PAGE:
Hendrick Motorsports will appeal the No. 48 team's Daytona penalty to its highest level after the National Stock Car Racing Appeals Panel decided to uphold NASCAR's original ruling on Tuesday afternoon.
The appeals panel of John Capels, Leo Mehl and Dale Pinilis unanimously decided to reject Hendrick's argument that NASCAR's six-week suspension of 48 team crew chief Chad Knaus was unjust and kept all aspects of the penalty in place. That also includes a loss of 25 points for driver Jimmie Johnson, a six-week suspension of car chief Ron Malec and a $100,000 fine for Knaus.
"We're disappointed with the outcome the way it was," team owner Rick Hendrick told reporters outside NASCAR's Research & Development Center in Concord, N.C. "But we're going to go ahead to the next level (of appeals)."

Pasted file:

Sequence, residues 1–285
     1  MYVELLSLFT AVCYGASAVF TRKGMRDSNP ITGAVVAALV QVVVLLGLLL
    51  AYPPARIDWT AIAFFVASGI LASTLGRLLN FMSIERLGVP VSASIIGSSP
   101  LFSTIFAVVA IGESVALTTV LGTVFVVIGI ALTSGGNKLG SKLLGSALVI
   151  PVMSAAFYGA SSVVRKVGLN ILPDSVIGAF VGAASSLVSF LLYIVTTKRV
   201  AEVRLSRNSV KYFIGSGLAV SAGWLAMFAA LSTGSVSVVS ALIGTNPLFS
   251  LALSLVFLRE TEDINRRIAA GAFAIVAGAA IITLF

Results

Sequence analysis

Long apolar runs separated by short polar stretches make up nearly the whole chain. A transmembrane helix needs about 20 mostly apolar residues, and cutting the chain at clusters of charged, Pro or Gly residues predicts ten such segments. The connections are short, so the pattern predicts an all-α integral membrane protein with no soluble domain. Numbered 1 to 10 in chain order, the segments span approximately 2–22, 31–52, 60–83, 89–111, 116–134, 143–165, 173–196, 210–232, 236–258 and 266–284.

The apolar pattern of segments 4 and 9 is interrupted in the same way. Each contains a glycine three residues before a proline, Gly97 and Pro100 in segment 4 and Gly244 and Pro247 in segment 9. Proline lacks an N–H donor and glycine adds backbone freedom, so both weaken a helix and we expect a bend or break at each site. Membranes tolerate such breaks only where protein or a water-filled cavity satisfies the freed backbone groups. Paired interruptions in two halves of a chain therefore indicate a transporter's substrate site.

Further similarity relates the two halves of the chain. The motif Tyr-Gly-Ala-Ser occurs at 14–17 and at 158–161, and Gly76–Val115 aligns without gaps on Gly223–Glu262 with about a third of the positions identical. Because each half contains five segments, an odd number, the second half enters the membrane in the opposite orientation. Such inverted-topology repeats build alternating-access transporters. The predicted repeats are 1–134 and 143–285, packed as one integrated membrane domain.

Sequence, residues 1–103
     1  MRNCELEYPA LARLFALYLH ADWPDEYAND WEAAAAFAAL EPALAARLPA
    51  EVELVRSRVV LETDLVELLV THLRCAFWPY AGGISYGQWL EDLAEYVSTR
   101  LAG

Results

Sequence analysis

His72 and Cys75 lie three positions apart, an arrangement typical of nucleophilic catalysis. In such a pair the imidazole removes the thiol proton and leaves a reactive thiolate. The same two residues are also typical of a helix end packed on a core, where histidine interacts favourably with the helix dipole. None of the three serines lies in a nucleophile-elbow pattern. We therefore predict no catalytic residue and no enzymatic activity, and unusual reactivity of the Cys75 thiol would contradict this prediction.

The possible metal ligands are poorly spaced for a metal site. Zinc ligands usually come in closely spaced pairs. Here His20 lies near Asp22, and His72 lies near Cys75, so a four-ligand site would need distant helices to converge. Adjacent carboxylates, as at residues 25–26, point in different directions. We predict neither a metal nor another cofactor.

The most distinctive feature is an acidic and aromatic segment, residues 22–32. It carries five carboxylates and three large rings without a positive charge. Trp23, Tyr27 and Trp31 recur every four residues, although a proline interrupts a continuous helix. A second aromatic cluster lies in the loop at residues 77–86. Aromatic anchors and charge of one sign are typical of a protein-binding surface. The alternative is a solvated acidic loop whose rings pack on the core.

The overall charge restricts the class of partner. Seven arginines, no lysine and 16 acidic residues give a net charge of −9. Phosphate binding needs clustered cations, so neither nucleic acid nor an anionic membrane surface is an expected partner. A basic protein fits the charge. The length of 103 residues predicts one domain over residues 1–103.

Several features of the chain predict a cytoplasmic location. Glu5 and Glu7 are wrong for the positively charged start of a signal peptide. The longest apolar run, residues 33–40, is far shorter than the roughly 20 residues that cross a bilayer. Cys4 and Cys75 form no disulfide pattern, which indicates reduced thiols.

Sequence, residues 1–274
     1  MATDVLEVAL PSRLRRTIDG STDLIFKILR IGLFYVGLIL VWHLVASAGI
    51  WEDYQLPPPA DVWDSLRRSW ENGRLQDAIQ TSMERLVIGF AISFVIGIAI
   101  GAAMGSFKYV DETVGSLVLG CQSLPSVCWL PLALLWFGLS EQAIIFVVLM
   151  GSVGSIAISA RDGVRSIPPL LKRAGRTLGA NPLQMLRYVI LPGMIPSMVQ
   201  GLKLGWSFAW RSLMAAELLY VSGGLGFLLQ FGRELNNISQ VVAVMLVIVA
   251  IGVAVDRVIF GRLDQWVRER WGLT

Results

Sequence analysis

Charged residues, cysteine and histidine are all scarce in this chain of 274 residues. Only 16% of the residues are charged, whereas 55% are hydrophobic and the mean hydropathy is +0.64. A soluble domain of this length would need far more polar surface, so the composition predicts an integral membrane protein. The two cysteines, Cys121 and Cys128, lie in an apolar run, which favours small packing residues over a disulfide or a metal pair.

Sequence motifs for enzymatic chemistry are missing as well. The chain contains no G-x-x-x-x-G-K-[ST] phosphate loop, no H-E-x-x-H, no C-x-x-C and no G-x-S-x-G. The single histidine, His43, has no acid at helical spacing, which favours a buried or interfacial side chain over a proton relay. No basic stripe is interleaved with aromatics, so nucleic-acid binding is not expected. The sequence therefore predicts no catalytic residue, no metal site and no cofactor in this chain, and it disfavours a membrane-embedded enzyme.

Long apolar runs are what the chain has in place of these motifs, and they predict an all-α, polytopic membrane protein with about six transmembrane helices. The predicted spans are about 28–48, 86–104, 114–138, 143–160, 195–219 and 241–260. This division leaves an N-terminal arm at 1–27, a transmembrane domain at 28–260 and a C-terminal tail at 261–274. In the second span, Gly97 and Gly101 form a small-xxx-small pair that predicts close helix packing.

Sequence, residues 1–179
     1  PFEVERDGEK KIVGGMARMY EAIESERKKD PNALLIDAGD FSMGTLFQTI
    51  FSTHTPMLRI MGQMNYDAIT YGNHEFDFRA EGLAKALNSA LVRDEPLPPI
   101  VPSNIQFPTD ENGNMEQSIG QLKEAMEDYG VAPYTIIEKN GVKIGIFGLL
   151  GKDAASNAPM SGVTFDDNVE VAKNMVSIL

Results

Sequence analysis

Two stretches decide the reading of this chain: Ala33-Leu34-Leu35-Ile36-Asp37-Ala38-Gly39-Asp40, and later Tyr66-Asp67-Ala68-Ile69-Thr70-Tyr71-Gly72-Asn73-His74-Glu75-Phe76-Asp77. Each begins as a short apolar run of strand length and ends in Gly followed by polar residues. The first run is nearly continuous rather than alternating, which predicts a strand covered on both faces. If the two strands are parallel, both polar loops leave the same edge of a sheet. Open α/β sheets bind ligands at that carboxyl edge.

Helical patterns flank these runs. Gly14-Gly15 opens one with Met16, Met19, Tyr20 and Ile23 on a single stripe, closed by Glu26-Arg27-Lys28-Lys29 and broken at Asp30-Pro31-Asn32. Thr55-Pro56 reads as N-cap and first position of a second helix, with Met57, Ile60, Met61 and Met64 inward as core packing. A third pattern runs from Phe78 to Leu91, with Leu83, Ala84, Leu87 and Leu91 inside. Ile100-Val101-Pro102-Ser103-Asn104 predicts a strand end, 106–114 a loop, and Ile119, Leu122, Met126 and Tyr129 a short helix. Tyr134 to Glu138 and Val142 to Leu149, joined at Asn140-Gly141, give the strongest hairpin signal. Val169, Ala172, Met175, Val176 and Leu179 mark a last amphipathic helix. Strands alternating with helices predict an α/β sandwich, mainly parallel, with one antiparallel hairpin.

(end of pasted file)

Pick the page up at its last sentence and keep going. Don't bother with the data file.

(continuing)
Asked why Hendrick chose to keep fighting the penalty and not just get the punishment over with by letting Knaus begin to serve his suspension, the team owner responded firmly.
"Because I don't accept it. Period," he said.
NASCAR found the No. 48 car had illegally modified C-posts – the paneling that connects the roof to the rear quarterpanel – on both sides of the vehicle prior to Daytona 500 qualifying.
That violated several rules, including one that states: "If in the judgment of NASCAR officials, any part or component of the car not previously approved by NASCAR that has been installed or modified to enhance aerodynamic performance will not be permitted."
Knaus will be Johnson's crew chief this weekend at Bristol and for the foreseeable future until the final appeal is heard at a yet-to-be-determined date.
Hendrick said he "stands firmly" behind Knaus and the rest of the No. 48 team and said he believes in both the Hendrick personnel and its system.
He would not go into detail about Hendrick's defense at Tuesday's appeal.
NASCAR had no additional comment on the issue.